Maybe the best thing to come out of Toyota’s failed Scion experiment is the return of the Corolla Hatchback. Sure, it returned in form as the Corolla iM, but its official arrival came with the all-new 2019 Corolla Hatchback. Not only does the Corolla Hatchback boast a new, sportier look, but it also has a more potent powertrain under its hood. Is the Toyota Corolla Hatchback as good in execution as it looks on paper? I spent the last week in one, and here’s what I think.
The Toyota Corolla Hatchback is all-new for 2019, borrowing the ‘Rolla Hatch idea from the Scion iM turned Corolla iM from previous years. Other than the Corolla nameplate, this hatchback shares very little with its predecessors.
Up front, Toyota installed squinty, angry-looking headlights with stunning LED accents that deliver a striking nighttime stare. The headlights are connected by the obligatory gloss-black Toyota applique that directs your eyes downward to the massive black air inlet with a satin-silver surround. This creates far and away the sportiest nose in the segment, but there’s even more around back.
In the rear, the vaguely Supra-esque taillights feature a similar squint as the headlights, tying the two ends together. What really makes this back end look great is the large roof-mounted spoiler, the gloss-black insert on the bumper, and the forward slant to the rear hatch. Sure, the slanted liftgate gobbles up a little cargo room, but it’s worth the sacrifice.
This all ties together to create a sharp profile that boasts a longer-than-normal hood and sporty 18-inch wheels rolled up in low-profile rubber.
Inside, the style continues with an interior I cannot believe is part of the Corolla lineup. It boasts two-tone cream-and-gray leather-and-cloth upholstery that looks upscale and bolsters that hold you nicely without getting uncomfortable. The dash and door panels also get a splash of this cream leather, keeping all the hard plastics far from any touch points.
Throughout my entire week inside this small hatchback, I had to remind myself constantly I was driving a freaking Corolla.
Up front, the seats are nearly perfect with ample cushioning, perfectly angled headrests. There is also limited hard plastic on touch points and plenty of visibility at all corners.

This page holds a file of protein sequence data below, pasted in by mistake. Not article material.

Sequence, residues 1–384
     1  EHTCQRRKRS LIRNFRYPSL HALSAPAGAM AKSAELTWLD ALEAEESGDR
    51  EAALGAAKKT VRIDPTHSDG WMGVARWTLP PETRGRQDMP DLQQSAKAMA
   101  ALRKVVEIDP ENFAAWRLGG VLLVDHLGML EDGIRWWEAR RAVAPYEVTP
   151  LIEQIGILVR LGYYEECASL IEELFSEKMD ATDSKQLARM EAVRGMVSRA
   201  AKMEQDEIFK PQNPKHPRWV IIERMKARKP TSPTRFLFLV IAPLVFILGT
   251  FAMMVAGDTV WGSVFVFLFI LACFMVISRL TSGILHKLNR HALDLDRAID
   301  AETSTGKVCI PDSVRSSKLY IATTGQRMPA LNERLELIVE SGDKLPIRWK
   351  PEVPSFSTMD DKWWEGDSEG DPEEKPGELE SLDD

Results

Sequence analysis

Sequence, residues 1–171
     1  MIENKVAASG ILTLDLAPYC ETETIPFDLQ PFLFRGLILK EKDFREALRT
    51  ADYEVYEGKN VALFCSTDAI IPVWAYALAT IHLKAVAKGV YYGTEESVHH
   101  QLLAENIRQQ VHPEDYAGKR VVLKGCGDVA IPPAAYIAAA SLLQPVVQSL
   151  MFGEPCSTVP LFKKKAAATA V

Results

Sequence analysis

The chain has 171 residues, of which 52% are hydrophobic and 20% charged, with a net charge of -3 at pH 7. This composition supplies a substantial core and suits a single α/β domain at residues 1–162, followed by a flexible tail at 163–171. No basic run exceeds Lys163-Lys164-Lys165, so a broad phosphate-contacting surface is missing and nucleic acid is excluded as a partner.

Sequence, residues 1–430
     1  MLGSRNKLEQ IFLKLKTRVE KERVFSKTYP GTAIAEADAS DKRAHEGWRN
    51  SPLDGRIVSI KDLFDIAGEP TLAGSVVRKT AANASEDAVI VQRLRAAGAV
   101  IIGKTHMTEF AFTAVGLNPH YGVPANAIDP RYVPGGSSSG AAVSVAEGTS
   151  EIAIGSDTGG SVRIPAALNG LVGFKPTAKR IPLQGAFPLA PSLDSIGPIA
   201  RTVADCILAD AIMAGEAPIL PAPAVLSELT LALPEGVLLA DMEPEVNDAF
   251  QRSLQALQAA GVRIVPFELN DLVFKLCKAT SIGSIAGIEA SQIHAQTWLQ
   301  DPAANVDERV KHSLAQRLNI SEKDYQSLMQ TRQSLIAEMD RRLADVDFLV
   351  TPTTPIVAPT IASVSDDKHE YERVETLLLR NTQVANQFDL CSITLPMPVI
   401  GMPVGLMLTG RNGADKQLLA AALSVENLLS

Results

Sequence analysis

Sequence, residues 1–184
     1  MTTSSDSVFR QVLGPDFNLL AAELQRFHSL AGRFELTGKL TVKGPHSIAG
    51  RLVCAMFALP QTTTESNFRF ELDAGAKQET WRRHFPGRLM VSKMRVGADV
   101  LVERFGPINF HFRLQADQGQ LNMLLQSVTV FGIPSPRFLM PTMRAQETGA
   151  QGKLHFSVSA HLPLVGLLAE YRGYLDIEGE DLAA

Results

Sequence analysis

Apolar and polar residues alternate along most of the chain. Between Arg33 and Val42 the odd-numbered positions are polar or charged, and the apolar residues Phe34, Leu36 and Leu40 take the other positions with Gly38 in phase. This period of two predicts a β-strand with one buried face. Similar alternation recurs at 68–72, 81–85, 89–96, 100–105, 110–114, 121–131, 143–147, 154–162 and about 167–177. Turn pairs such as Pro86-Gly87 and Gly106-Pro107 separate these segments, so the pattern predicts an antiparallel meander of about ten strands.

In the rear, things tighten up a bit. First, the rear doors do not open very wide, making installing a car seat a task. Plus, the rear seats have just 29.9 inches of legroom, which matches Toyota’s resident sports car, the 86. This makes hauling anyone taller than my 5’7” self a tight fit.
With such a tiny rear seat, you’d think Toyota did this to expand cargo room. Nope, the Corolla Hatchback has just 18 cubic feet behind the rear seat, and I think that is a little generous.
Ride quality is decent, as the Corolla Hatchback XSE’s suspension does a good job absorbing most bumps. That said, its low-profile tires allow a fair amount of noise to travel from the road and into the cabin. It’s not obnoxious, but it is noticeably louder than others in the class.
In the center of the dash is an 8-inch screen with the Toyota Entune 3.0 system. I appreciate the large screen, but I initially thought it was a bit too high on the dash and a distraction. After a week behind the wheel, I can see that Toyota put it level with the gauges to reduce eye movement when looking over at the screen for a second. As for its function, it is about as clunky as every other Entune infotainment system, The menus are confusing, the physical buttons seem to do whatever they want and sometimes nothing, and the Entune smartphone app is basically a useless space gobbler on your phone.
None of the 2019 Corolla Hatchback XSE trims come standard with a native navigation system — you must opt for a CVT-equipped XSE model and get the $1,600 XSE Preferred Package to get native navigation — but it has Scout GPS Link. I own a Toyota RAV4 Hybrid with the older version of GPS Link. I used it twice and never touched it again, so I curbed my excitement as I went through the insane dance of downloading several apps to get this thing to connect to my Galaxy S8.
Once I finally got everything connected and fired up the Scout GPS Link, I noticed the moving maps feature was disabled, and the app told me to connect it via USB cable to activate it. I traced my charger cable back to the only USB port I could find, which was in the center console, only to find it was already connected. After several plugs and unplugs, I gave up and did the least manly thing I could do: I grabbed the owner’s manual.